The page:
Andrew J.G. Cairns
Actuarial Mathematics and Statistics
School of Mathematical and Computer Sciences
Edinburgh, EH14 4AS, United Kingdom
Prepared for the Encyclopaedia of Actuarial Science
In this article we will review the role of mathematics as a tool in the running
of pension funds. We will consider separately defined benefit (DB) and defined
contribution (DC) pension funds.
2 Defined benefit pension funds
2.1 Deterministic methods
We will concentrate here on final salary schemes, and in order to illustrate the
various uses of mathematics we will consider some simple cases. In this section we
will describe the traditional use of mathematics first, before moving on to more
recent developments using stochastic modelling. We will use a model pension
scheme with a simple structure:
• Salaries are increased each year in line with a cost-of-living index CLI(t).
• At the start of each year (t, t + 1) one new member joins the scheme at age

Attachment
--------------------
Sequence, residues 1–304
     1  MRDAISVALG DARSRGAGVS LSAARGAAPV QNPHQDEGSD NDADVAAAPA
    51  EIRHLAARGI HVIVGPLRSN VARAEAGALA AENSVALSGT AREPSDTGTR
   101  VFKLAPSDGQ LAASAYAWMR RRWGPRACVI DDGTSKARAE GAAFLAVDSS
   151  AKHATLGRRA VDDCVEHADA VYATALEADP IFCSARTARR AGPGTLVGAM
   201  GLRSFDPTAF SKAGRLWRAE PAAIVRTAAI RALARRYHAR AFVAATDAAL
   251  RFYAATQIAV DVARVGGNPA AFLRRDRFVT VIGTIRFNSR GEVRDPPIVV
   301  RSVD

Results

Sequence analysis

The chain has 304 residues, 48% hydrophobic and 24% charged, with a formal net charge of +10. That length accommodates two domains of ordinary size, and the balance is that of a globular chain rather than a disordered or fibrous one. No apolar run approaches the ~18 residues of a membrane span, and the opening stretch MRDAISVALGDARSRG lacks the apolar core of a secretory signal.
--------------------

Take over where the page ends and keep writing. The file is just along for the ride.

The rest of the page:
25, with a salary of C 10, 000× CLI(t)/CLI(0).
• All members stay with the scheme until age 65 and mortality before age 65
is assumed to be zero.
• At age 65 the member retires and receives a pension equal to 1/60 of final
salary for each year as a member of the scheme, payable annually in advance
for life. This pension is secured by the purchase of an annuity from a life
insurer, so that the pension fund has no further responsibility for making
payments to the member. Final salary is defined as the salary rate at age
65 including the cost-of-living salary increase at age 65.1
• Salaries are increased at the start of each year and include a combination of
age-related and cost-of-living increases.
Let S(t, x) represent the salary at time t for a member aged x at that time. The
scheme structure described above indicates that
S(t + 1,x + 1) = S(t, x)× w(x + 1)
× CLI(t + 1)
where the function w(x) is called the wage profile and determines age-re